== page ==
In his July 14 Free Spectrum column, ITAA President Harris Miller urged high-tech workers displaced by the current wave of foreign guest workers and offshore outsourcing not to "act like King Canute and order back the tide." But many of the policies that he is championing are designed to tear down the existing sea walls and let in the flood.
Engineers and IT professionals deserve a timeout to discuss the implications of the current trends. We need to consider the impact of outsourcing on the careers of todays and tomorrows U.S. engineers and IT professionals, on intellectual property and competitiveness, and on national security.
Pro-company lobbies have always threatened that if Congress wont allow in cheap labor, corporations will send the work overseas. Now thats the mantra being used to justify importing engineering and IT guest workers and exporting American high-tech jobs and technology.
Many nonimmigrant high-tech workers are brought here specifically to facilitate offshore outsourcing. And others take their experience and knowledge of U.S. technology back home with them to form new businesses that can compete effectively with U.S. concerns, using lower labor costs to gain competitive advantage. We are exporting our intellectual property and technical know-how, losing our core competencies and ability to innovate, and diminishing our own tax base. This threatens our nations future economic and national security.
Besides cheaper labor, companies are outsourcing to save on taxes, health insurance and workers compensation. In response, our federal, state and local governments need to look at reducing the financial burdens on business.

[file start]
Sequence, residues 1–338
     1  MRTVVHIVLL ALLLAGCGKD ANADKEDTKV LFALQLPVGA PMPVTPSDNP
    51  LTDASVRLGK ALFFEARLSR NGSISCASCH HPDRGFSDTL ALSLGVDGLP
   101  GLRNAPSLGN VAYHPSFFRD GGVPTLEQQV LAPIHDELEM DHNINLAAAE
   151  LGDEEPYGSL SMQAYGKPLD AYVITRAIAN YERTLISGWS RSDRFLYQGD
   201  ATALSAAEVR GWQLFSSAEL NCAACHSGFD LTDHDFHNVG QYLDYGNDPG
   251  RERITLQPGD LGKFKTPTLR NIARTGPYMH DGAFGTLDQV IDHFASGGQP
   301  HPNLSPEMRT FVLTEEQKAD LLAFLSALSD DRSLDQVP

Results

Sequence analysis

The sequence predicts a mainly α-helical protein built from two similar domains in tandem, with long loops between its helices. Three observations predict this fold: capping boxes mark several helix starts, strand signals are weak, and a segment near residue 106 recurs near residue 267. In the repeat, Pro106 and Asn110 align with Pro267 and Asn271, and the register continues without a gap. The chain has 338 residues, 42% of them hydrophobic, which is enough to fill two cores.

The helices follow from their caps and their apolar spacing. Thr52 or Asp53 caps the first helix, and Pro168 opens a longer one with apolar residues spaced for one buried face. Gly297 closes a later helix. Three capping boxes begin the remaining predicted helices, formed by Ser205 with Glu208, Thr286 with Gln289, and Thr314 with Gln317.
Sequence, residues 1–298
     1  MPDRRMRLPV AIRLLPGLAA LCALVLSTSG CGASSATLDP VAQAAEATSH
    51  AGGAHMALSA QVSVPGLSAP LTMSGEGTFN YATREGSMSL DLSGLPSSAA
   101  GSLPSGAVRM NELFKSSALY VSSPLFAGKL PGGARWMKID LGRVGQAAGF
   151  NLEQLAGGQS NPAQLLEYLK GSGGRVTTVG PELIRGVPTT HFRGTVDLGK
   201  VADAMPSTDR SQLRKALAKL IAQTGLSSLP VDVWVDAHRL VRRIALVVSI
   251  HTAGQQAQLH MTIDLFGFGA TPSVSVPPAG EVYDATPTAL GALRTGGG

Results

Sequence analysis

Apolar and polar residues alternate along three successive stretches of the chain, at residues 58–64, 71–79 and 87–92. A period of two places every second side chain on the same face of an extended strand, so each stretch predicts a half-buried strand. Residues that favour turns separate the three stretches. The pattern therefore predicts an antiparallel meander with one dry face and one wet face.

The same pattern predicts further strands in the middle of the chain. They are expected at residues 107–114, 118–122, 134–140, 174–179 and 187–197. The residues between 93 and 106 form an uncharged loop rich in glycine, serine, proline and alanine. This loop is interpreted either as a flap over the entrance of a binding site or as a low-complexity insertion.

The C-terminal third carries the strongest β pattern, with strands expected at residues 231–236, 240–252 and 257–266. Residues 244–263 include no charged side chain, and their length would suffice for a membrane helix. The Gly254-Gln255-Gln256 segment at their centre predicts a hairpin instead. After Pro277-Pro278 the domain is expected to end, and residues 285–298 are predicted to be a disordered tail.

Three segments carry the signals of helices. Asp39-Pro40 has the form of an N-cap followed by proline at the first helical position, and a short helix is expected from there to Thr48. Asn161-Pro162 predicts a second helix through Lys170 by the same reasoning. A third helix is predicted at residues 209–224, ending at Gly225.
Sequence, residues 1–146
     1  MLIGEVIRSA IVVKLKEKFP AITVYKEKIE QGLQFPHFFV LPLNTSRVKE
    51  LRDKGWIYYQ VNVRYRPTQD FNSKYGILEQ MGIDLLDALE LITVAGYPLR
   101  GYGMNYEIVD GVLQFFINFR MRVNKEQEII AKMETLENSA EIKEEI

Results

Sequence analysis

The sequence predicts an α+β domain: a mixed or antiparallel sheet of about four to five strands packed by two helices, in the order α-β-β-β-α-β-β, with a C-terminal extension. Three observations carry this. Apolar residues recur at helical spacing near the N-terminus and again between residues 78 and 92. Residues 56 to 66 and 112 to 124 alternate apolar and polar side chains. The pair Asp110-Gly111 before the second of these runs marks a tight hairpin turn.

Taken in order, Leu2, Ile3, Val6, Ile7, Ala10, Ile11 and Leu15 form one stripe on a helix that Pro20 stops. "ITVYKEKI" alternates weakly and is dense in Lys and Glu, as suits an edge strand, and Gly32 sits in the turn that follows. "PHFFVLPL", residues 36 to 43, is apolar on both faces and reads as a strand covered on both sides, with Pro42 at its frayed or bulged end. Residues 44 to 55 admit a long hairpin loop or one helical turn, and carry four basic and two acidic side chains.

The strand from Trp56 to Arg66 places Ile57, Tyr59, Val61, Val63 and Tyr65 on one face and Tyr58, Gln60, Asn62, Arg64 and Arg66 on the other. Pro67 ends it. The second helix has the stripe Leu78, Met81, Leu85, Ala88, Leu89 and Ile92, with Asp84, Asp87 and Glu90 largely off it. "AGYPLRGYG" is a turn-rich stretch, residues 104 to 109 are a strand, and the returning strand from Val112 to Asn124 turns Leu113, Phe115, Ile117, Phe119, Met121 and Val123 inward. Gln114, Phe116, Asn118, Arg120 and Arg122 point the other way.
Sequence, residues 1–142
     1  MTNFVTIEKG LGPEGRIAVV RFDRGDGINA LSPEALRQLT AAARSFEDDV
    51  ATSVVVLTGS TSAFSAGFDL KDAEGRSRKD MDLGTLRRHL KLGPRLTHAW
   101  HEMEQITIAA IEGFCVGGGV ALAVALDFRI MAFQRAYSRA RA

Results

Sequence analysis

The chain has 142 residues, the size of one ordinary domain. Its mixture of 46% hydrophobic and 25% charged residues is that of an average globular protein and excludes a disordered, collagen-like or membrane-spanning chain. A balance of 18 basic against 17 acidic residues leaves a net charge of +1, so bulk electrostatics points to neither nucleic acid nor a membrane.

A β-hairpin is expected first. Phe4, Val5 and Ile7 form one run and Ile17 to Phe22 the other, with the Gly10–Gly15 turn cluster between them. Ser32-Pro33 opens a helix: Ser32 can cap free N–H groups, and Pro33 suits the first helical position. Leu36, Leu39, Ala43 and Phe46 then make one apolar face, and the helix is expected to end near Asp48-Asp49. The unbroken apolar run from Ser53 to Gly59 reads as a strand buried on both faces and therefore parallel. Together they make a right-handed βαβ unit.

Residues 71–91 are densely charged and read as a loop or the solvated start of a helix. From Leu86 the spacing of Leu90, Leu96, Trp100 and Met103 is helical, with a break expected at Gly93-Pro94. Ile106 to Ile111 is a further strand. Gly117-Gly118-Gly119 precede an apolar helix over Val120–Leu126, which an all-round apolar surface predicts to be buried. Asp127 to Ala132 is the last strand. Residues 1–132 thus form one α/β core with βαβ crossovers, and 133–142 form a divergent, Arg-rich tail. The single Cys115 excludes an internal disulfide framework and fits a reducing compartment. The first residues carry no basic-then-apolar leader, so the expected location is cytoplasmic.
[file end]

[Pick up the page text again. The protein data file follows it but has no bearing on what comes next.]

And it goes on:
Educational improvements are important but only if there are going to be good jobs. Permanent immigration instead of reliance on guest workers needs to be considered. America was built by those who came to these shores for a new life, not a temporary job.
The ITAA has stated that there is a shortage of engineers and IT professionals. Yet we see record unemployment for those in high tech. Opportunities are not being created here in the United States but are being sent outside. Short-term thinking that treats high-tech professionals as a disposable commodity cannot continue. We will never attract or retain technology professionals if jobs are eliminated or transferred as soon as a few dollars can be saved. We need the leaders of industry, government and the professions to come together and talk about the steps that can be taken to provide opportunities.
Paul Kostek is the current chair of the American Association of Engineering Societies and a past president of IEEE- USA. His e-mail address is pkostek@ aol.com. Send your comments to free_ email@example.com. Free Spectrum is a forum for members of the IT community.